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Family Care Unit enables overnight stays with NICU babies

March 15, 2016

EDMONTON – Parents of newborns in the Stollery Children’s Hospital neonatal intensive care unit (NICU) can now stay with their babies overnight thanks to a newly established Family Care Unit.

Nine Stollery NICU beds have been transferred into the Family Care Unit, located in the Lois Hole Hospital for Women at the Royal Alexandra Hospital. These beds are for newborns who are
closer to discharge from hospital and require less intensive care.

“Creating a space where a parent can stay with their baby 24 hours a day, seven days a week, not only provides comfort to a family, but also helps with enhanced parent-infant attachment and bonding,” says Karen Pelletier, Patient Care Manager, Stollery NICU.

The Family Care Unit has larger rooms equipped with breastfeeding chairs and an adult-sized bed for parental sleepovers in the room – furniture that cannot be accommodated in the highly acute care setting of the main NICU.

“The Family Care Unit provides a wonderful space for parents to bond with their newborn babies,” says Brandy Payne, Associate Minister of Health. “This addition to the Lois Hole Hospital for Women will help give some of our newest Albertans the best possible start in life.”

The Lois Hole Hospital for Women is a centre for high-risk pregnancy and deliveries; staff and physicians deliver more than 7,000 babies at the site each year.

Each year, more than 1,100 babies are admitted to the Stollery NICU at the RAH.

Jessica Pott, 33, delivered her twins Henry and Olivia at only 28 weeks on Jan. 21.

“Although parents are allowed to stay with their babies in the NICU 24 hours a day, there’s only a chair at the bedside,” says Pott. “You can’t comfortably sleep overnight — and you’re in close proximity to other families. It can get a bit stressful.”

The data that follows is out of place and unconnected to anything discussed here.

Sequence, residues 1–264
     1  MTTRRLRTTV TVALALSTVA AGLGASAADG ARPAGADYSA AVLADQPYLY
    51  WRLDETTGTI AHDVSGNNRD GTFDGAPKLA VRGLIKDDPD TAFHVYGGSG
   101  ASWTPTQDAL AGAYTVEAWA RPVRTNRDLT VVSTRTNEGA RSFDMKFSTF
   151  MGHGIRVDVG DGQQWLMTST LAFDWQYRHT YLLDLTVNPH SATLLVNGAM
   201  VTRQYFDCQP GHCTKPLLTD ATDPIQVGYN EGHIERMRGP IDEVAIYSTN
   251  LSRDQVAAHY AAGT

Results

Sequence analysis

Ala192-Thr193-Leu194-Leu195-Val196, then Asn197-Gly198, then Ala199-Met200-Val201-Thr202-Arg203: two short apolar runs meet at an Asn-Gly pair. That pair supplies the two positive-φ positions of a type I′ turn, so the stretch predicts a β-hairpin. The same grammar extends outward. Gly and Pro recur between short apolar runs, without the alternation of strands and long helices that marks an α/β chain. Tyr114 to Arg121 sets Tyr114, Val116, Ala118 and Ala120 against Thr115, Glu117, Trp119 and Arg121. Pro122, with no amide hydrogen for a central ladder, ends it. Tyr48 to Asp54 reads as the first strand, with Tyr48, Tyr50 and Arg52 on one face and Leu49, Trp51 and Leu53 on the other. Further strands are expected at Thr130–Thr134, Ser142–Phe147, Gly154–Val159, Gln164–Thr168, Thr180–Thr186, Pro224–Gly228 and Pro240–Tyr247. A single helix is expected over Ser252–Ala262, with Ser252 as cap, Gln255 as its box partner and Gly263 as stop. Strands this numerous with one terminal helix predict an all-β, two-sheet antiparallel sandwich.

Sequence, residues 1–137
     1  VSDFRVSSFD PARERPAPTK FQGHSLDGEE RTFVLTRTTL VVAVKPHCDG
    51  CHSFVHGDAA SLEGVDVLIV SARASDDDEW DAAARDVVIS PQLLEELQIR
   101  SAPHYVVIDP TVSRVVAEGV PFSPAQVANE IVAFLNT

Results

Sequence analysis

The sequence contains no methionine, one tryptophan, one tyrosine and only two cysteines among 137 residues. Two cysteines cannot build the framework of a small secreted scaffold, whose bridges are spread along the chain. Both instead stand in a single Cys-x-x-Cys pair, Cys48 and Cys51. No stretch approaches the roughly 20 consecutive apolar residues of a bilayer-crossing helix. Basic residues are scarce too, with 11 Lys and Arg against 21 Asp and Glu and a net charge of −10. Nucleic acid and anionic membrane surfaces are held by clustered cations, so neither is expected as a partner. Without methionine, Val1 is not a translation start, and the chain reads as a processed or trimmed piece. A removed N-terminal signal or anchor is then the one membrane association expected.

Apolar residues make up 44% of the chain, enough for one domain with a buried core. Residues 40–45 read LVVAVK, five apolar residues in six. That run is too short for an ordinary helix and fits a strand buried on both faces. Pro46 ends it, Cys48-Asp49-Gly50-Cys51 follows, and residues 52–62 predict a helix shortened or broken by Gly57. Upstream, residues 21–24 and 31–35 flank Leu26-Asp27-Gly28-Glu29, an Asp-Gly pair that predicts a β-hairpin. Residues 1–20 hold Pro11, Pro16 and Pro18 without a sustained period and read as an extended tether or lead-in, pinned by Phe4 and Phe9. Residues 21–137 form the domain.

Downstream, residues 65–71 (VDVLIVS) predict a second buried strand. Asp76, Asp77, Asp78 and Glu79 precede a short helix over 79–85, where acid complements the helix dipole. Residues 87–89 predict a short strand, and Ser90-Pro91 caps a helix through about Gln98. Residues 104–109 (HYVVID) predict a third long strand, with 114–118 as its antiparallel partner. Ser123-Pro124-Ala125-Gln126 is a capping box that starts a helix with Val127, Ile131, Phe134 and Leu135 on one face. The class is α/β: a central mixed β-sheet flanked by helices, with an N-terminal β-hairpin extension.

Last Friday, Henry and Olivia — each now weighing more than five pounds — graduated to the new Family Care Unit, where both Jessica and partner Jean-Michel Cyr can now sleep overnight next to their babies.

“Since there are two babies to a room, we can each have a single bed, and we’re able to have our own space and some privacy,” adds Pott. “It’s nice to be able to have a nap or a shower while the twins are sleeping. It feels like a hotel, but with nurses.”

Support from both the Royal Alexandra Hospital Foundation (RAHF) and Stollery Children’s Hospital Foundation was instrumental in opening the new Family Care Unit.

The unit located in the Lois Hole Hospital for Women was built in support with RAHF community donations; breastfeeding chairs have also been ordered.

“The hospital is setting new standards in patient care by expanding on the idea of mom and baby hospital units by offering family-centred care where dads or other support persons are welcome to stay as well,” says Andrew Otway, President of the Royal Alexandra Hospital Foundation. “This groundbreaking concept takes the patient experience to a new level. The Family Care Unit builds an extremely critical bridge for parents and their newborns to transition from hospital to home and we could not be more proud of the program.”

The Stollery Children’s Hospital Foundation contributed $108,000 towards equipment for the new Family Care Unit, which includes a central monitoring system with cardiac infant monitors, milk warmers, breast pumps, a milk fridge-freezer unit and a code cart. Single beds for a parent to stay at the bedside, as well as a fridge, toaster, and microwave were all donated to enhance the family experience on the unit.

“We make sure babies and new parents who need to be at the Stollery or in our neonatal intensive care unit at the Royal Alexandra Hospital get the best, most compassionate care possible,” says Mike House, President and CEO of the Stollery Children’s Hospital Foundation.

“This new Family Care Unit will provide them with increased comfort and privacy so they can focus on the treatment and recovery of their baby.”

Alberta Health Services is the provincial health authority responsible for planning and delivering health supports and services for more than four million adults and children living in Alberta. Its mission is to provide a patient-focused, quality health system that is accessible and sustainable for all Albertans.

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For media inquiries, contact:

Sharman Hnatiuk
AHS Communications
780-863-0629